HIPAA-covered entities, business associates confront HITECH rules

How HIPAA covered entities and HIPAA business associates should implement new, tougher health care and data privacy rules set by the HITECH Act.

Are you a HIPAA covered entity or one of the hundreds of thousands of HIPAA business associates? Either way, now's the time to start re-evaluating HIPAA, that old federal regulation affecting the  healthcare industry that helped put compliance on the map back in 2003—the regulation that seemingly everyone has ignored.HIPAA-covered entities, business associates confront HITECH rules HIPAA-covered entities, business associates confront...

HITECH rules.

With the recent HITECH Act (Health Information Technology for Economic and Clinical Health Act), HIPAA finally has some teeth. The HITECH Act was part of President Obama’s 2009 government expansion bill. It contains provisions to extend HIPAA security and privacy compliance to business associates, adds breach notification requirements, new rules for using encryption for protecting health information and periodic audits of covered entities and business associates to ensure compliance.

Security compliance “reviews” are already being performed on HIPAA covered entities. And these aren’t the typical reviews that have been performed in the past. The federal government is actually seeking out healthcare providers and plans in order to spot check their compliance status. The CMS Office of E-Health Standards and Services has revealed HIPAA compliance gaps that many businesses thought they had under control, or were immune to.

The report found everything, from covered entities not performing risk assessments, to poor processes around security documentation, to lack of workstation security assessments. This is contrary to the practices of some covered entities that having a notice of privacy practices and a firewall are all that's needed for HIPAA compliance.

In addition to these reviews, actual enforcement is stepping up as well. It was recently announced that the division of the U.S. Department of Health and Human Services responsible for HIPAA Privacy Rule enforcement—the Office for Civil Rights (OCR)—is now responsible for HIPAA Security Rule enforcement as well. Formerly the Centers for Medicare and Medicaid Services (CMS) was responsible for the Security Rule. And as we saw, very little was done to monitor or enforce this component of HIPAA. Now that enforcement of both rules is under one umbrella, it appears the government is finally taking their own laws seriously.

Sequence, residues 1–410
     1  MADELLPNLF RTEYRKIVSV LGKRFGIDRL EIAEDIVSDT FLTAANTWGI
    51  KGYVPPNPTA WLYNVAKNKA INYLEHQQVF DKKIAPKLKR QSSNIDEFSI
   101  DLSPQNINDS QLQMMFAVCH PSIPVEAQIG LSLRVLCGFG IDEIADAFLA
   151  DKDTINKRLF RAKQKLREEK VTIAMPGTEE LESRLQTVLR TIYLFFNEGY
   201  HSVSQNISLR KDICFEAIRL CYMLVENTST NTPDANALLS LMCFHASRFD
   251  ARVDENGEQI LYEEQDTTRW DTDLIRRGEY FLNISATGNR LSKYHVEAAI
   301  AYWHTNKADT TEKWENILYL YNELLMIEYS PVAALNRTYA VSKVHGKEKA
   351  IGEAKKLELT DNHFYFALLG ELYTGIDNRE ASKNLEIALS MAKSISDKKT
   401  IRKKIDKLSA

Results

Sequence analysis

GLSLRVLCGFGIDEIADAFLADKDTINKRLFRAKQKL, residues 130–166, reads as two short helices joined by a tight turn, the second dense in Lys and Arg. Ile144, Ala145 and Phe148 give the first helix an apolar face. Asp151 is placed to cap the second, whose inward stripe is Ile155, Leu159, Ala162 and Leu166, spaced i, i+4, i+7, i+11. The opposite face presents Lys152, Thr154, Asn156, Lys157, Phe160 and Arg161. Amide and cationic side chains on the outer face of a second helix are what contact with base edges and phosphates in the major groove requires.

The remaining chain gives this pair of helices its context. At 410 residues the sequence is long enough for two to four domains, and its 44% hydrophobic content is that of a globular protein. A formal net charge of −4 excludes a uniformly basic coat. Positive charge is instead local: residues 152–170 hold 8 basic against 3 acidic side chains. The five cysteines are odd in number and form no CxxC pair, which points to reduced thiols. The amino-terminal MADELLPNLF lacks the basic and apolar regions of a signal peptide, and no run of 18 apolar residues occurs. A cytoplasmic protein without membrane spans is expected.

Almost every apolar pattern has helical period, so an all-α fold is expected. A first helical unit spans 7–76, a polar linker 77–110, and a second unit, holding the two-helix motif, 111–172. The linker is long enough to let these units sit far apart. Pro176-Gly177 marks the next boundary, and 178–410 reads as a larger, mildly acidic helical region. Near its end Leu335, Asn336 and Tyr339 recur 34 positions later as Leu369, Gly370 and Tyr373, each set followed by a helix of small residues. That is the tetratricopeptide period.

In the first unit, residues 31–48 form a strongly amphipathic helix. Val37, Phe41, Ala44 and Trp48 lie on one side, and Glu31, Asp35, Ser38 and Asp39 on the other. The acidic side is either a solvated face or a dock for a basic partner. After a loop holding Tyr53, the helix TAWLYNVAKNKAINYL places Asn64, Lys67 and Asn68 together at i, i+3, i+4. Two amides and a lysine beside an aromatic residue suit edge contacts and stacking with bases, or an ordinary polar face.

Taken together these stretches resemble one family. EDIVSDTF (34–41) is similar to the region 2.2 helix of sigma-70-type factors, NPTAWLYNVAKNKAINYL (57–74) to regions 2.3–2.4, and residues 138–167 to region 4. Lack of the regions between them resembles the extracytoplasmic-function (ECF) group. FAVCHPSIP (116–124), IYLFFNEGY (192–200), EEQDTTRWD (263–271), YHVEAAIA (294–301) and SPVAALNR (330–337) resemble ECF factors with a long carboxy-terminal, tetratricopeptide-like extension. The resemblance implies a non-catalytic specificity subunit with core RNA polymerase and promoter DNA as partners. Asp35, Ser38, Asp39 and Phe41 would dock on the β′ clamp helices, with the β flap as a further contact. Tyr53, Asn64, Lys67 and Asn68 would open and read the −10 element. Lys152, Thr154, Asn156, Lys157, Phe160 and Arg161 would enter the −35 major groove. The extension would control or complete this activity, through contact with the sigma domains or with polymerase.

If you're a HIPAA covered entity or business associate, you've got some work ahead of you:

  • Review the HITECH Act and the HIPAA Security Rule to (re)familiarize yourself with what's expected.
  • Meet with your legal counsel and security committee to ensure everyone is on the same page regarding what needs to be done.
  • Review your business associate contracts to ensure they're in line with the requirements.
  • Perform that in-depth risk analysis that the HIPAA Security Rule mandates and find out where your business is weak.
  • If you performed an in-depth analysis a while back, it's probably a good time to look at things again since so many things undoubtedly change in your information systems from year to year.

The bottom line is to know what you're up against so you can cover the essentials and minimize your business risks. I usually say the more things change with security the more they stay the same, but when it comes to HIPAA compliance—times, they are a changin' indeed. And I don't expect that they'll ever be the same again.

Kevin Beaver is an  information security consultant, expert witness, as well as a seminar leader and keynote speaker with Atlanta-based Principle Logic LLC. He has authored/co-authored seven books on information security including  The Practical Guide to HIPAA Privacy and Security Compliance and  Hacking For Dummies . In addition, he’s the creator of the Security On Wheels information security audio books and  blog providing security learning for IT professionals on the go. Kevin can be reached at  www.principlelogic.com.

This was first published in August 2009

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